In type I and II injuries, the deformity is minimal and may not be present. In type III injuries, the distal clavicle (the part further from the neck) can be abnormally prominent. There is reduced range of motion and there is some pain when the patient tries to raise the affected arm.

Diagnosis

The diagnosis for a acromioclavicular joint injury can be achieved via patient history and examination of the patient. The grading of the injury can be made using radiological exams. Ultrasound and magnetic resonance imaging (MRI) re not widely used by may be employed to detect changes in the joint, assess the severity of the injury and determine the level of degenerative change.

 

Treatment & Management

The aim of treatment for a acromioclavicular joint injury is to help the patient return to their level of function before the injury, with a pain-free and mobile shoulder. There are two parts of management; conservative and surgical management for AC joint injury.

Conservative treatment is recommended for type I and type II injuries. Most commonly, the use of analgesics provides pain relief for the patient, ice packs can be applied and rest is recommended by putting the arm in a sling. A broad arm sling is recommended in these cases as it supports the shoulder and minimizes the sagging of the shoulder. Activities such as sports and lifting of heavy objects should be avoided for 8-12 weeks after injury. Approximately one-third of patients with type I and type II injuries continue to have pain on long term follow up with conservative management.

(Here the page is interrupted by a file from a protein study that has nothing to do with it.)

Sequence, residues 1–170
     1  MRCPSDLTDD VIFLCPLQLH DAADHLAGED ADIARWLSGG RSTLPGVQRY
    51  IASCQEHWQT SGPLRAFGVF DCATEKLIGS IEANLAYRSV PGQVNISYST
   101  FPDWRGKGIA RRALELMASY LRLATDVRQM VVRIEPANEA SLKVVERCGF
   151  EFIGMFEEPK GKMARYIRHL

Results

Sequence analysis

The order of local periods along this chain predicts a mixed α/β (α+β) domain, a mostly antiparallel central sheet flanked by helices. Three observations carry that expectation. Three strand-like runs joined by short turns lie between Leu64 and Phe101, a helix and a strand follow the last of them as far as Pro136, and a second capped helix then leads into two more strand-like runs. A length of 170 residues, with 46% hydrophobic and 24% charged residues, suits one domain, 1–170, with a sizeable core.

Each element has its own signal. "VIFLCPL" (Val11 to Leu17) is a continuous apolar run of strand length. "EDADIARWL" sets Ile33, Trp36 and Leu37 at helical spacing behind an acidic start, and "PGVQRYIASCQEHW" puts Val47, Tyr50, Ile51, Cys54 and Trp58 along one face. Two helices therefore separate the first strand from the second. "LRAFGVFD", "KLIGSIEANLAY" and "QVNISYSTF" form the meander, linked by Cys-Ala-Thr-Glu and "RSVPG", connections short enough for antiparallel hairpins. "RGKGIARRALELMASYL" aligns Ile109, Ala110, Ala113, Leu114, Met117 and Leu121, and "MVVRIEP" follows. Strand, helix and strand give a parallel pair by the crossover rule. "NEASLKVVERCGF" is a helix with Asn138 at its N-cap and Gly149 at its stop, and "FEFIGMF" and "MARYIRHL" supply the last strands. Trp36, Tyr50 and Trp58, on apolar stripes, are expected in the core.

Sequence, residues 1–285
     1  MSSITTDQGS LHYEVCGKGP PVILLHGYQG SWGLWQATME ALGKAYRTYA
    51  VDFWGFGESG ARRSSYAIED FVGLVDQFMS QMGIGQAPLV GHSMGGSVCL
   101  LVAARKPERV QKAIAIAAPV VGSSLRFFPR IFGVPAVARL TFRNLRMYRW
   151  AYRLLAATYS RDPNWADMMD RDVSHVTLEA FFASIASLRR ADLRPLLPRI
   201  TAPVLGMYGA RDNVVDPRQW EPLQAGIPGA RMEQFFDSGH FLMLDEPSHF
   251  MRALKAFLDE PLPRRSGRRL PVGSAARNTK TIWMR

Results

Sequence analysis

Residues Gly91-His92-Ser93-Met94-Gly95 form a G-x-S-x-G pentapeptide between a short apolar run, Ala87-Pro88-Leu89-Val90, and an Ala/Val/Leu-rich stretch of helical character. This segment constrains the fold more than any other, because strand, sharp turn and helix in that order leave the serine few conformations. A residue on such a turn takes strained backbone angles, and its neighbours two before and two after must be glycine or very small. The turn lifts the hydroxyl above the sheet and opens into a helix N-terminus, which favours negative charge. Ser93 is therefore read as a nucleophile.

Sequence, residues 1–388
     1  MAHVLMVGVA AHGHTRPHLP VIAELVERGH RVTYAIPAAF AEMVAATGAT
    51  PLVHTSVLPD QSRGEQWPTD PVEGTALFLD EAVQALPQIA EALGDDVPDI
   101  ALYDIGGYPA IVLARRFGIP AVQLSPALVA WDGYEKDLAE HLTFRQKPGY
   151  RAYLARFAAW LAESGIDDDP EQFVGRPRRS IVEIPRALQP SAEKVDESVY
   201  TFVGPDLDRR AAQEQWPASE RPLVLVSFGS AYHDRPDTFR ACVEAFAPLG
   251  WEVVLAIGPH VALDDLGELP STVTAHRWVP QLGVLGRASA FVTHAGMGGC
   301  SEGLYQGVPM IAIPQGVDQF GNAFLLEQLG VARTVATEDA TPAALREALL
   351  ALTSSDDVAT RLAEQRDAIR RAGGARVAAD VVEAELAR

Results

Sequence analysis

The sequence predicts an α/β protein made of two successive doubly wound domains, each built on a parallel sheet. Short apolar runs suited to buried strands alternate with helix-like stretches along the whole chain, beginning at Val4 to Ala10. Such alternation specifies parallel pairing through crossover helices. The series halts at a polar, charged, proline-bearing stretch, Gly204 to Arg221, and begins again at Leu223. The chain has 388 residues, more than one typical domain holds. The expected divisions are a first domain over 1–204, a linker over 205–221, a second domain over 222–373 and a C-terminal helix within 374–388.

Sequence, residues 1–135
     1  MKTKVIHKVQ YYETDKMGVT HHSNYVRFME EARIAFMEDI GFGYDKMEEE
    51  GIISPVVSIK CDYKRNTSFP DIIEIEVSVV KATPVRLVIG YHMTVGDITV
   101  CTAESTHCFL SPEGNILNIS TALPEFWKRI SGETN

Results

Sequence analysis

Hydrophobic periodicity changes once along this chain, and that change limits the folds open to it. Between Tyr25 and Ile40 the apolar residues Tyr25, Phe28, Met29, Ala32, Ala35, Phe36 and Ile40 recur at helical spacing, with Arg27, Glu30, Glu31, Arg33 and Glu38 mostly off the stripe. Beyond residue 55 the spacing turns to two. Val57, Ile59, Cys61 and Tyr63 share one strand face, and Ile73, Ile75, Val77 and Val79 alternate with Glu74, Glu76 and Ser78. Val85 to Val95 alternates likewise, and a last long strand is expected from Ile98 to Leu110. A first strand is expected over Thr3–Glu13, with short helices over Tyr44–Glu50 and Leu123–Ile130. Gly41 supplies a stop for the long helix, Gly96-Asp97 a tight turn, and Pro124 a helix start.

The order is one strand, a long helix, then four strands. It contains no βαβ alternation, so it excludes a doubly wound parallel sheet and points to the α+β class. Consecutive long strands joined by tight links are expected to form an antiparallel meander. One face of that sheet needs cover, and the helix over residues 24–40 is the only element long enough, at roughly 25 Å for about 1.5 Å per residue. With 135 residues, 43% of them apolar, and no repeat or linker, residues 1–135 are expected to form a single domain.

Conservative management is also recommended for the initial management of type III injuries. It was found that with rehabilitation, patients return to the same strength and endurance as the uninjured shoulder.

Surgical intervention is used to manage patients with type IV and type V injuries. Type VI injuries are very rare and almost all cases have been reported to be treated surgically.

Patients will have an increased risk of having osteoarthritis in the future. For patients who needs surgery, there is also a chance for wound infection, weakness of the arm and other vague symptoms. It is important to evaluate the stage of injury once the diagnosis of AC joint injury is made as the management for each stage may differ.

 


SOURCES

[1) Owens BD. Acromioclavicular joint injury. Medscape. http://emedicine.medscape.com/article/92337-overview#a3 Accessed 1/22/2017

[2] Rockwood CA Jr, Green DP, Bucholz RW, Heckman JD. Fracture in adults. 4th Philadelphia PA. Lippincott-Raven. 1996.

[3] Koehle SM. Patient education: acromioclavicular joint injury (shoulder separation) (beyond the basics). UpToDate. https://www.uptodate.com/contents/acromioclavicular-joint-injury-shoulder-separation-beyond-the-basics. Accessed 1/22/2017.

[4] Simovitch R, Brett S, Mehmet O, Kyle L, Warner JJP. Acromioclavicular joint injuries: diagnosis and management. Journal of the American Academy of Orthopaedic Surgeons. 2009; 17(4):207-219.

[5] Li X, Ma R, Bedi A, Dines DM, Altcheck DW, Dines JS. Management of acromioclavicular joint injuries. Journal of Bone and Joint Surgery American. 2014; 96(1):73-84.

[6] Fraser-Moodie JAF, Short NL, Robinson CM. Injuries to the acromioclavicular joint. Journal of Bone & Joint Surgery. 2008; 90(6):697-707.

[7] Mazzocca AD, Arciero RA, Bicos J. Evaluation and treatment of acromioclavicular joint injuries. The American Journal of Sports Medicine. 2007; 35(2):316-329.